The study, published in the February issue of the British Journal of Psychiatry, supports the belief that exceptional intellectual ability is associated with bipolar disorder.
Historical studies and anecdotal reports of famous and creative individuals suggest a link between high IQ and bipolar disorder – but until now, the scientific evidence for such a connection has been fairly weak. Researchers from the Institute of Psychiatry, King’s College London, teamed up with researchers at the Karolinska Institute in Sweden to investigate the association further.
All children in Sweden take compulsory exams at age 15-16, and the results are standardised nationally. The team used the Swedish national school register to obtain the grades of all students graduating from compulsory education between 1988 and 1997.
The researchers then used the Swedish hospital discharge register to test associations between the students’ academic achievement and admission to hospital with a diagnosis of bipolar disorder between the ages of 17 and 31. A total of 713,876 individuals were included in the study.
They found that students with excellent school performance were almost four times as likely to develop bipolar disorder as adults, compared to those with average grades. This increased risk remained after the researchers controlled for other factors such as parental education and socioeconomic status.
Students with the poorest grades were also at a moderately increased risk of bipolar disorder. They were almost twice as likely to develop bipolar compared to those with average grades.
Lead researcher Dr James MacCabe, Senior Lecturer at the Institute of Psychiatry, King’s College London, said: “We found that achieving an A grade is associated with increased risk for bipolar disorder, particularly in humanities and to a lesser extent in science subjects. A-grades in Swedish and Music had particularly strong associations, supporting the literature which consistently finds associations between linguistic and musical creativity and bipolar disorder.”
The researchers put forward several possible explanations for the link. First, people in a state of hypomania (a mild period of mania or elevated mood) can often be witty and inventive, and able to link ideas in innovative ways. Second, people with bipolar disorder often experience unusually strong emotional responses, which may help their talent in art, music and literature. Third, people with hypomania often have extraordinary stamina and can keep concentrating for long periods of time.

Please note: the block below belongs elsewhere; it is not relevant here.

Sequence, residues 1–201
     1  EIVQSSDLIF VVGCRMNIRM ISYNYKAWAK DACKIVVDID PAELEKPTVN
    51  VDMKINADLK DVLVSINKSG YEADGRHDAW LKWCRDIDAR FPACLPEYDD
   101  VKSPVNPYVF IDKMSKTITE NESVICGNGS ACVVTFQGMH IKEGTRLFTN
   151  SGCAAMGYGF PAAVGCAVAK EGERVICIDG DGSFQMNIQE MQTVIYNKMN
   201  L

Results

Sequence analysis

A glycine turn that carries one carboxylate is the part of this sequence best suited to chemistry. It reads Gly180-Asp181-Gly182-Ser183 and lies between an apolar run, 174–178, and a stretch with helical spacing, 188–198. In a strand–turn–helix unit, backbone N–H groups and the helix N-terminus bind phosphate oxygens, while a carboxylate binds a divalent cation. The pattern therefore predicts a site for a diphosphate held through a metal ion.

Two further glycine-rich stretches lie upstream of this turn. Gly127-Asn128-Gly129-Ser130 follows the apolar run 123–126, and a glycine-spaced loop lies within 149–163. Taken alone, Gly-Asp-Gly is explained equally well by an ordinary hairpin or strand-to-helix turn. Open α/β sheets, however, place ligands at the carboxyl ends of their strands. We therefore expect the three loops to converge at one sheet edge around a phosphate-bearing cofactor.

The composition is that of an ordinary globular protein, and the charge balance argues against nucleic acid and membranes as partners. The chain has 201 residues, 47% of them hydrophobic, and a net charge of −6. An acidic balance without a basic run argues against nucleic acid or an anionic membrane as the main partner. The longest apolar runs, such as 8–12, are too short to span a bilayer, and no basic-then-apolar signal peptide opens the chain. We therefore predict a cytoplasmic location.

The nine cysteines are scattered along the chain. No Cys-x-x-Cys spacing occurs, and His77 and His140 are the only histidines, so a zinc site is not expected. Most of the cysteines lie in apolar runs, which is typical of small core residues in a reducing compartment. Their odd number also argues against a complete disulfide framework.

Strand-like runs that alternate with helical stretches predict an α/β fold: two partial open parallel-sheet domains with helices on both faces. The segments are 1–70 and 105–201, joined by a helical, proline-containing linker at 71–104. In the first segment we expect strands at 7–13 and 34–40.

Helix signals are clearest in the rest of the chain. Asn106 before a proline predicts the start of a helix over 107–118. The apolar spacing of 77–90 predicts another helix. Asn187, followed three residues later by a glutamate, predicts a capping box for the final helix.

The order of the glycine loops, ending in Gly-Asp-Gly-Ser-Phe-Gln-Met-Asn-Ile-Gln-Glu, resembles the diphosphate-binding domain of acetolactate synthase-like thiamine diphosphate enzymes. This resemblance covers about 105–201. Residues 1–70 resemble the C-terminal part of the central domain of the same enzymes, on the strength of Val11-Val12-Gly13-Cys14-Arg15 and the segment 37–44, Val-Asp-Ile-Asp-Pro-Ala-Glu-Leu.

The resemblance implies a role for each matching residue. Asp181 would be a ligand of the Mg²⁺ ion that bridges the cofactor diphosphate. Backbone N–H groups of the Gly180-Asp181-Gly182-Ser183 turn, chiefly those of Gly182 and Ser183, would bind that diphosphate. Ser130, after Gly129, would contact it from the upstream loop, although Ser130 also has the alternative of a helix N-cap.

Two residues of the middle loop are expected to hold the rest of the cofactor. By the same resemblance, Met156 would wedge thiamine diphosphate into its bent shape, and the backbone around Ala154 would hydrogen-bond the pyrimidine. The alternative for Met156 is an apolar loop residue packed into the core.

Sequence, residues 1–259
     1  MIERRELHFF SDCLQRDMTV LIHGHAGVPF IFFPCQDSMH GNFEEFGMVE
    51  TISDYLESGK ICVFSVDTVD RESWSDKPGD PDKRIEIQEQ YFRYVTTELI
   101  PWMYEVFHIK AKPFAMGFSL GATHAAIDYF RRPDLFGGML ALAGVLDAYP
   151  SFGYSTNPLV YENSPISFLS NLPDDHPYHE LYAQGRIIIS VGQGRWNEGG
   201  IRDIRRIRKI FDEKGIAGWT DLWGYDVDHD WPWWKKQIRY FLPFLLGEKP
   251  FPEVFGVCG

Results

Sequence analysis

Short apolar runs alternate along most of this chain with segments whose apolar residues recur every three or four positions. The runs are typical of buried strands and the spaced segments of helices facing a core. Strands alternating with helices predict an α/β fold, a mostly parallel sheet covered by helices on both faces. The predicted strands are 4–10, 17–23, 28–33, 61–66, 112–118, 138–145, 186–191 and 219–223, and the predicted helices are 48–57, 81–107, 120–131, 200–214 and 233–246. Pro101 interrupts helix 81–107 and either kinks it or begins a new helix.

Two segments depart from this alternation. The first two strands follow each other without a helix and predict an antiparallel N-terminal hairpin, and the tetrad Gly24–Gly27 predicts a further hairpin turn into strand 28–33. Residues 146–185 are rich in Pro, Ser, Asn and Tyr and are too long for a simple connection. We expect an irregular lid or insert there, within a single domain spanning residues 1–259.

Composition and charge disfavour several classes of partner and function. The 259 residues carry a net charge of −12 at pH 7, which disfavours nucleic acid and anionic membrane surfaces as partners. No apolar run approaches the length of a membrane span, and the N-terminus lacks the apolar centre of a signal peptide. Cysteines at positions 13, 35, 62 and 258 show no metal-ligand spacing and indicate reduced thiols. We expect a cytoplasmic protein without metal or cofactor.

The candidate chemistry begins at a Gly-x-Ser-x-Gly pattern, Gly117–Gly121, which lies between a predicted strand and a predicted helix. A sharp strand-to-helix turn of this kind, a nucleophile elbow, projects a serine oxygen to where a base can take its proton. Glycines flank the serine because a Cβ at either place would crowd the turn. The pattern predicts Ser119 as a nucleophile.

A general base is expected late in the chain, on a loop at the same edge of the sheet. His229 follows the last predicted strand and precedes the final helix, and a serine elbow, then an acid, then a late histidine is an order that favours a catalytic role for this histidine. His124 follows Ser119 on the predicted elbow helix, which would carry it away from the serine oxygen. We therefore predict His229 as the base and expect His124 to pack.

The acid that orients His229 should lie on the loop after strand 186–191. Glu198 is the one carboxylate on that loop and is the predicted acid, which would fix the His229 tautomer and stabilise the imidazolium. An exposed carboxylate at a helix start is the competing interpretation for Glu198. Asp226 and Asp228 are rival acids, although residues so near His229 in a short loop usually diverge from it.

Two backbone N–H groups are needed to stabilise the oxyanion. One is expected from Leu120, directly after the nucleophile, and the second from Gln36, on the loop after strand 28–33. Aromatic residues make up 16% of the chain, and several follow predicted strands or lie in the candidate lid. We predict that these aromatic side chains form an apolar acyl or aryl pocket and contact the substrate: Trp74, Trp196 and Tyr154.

These types of cognitive style may help students perform better in creative school subjects – but also predispose them to bipolar disorder in later life.
Equally, the opposite of this mechanism may explain the link between poor school performance and bipolar disorder. Some people who go on to develop bipolar disorder, particularly those with depressive symptoms, may have cognitive styles that impair their academic performance. It is also possible that disturbed behaviour, substance misuse or undiagnosed depression may affect their studies.
The research also showed that the association between high grades and risk of later bipolar disorder appears to be stronger in males than females. But this association was not statistically significant and more research is needed to determine if the link is truly stronger in males.
Dr MacCabe concluded: “Our study suggests that getting A grades increases your chance of bipolar disorder – although we should remember that the majority of people with A grades enjoy good mental health.”
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MacCabe JH, Lambe MP, Cnattinguis S, Sham PC, David AS, Reichenberg A, Murray RM and Hultman CM (2010) Excellent school performance at age 16 and risk of adult bipolar disorder: national cohort study, British Journal of Psychiatry, 196: 109-115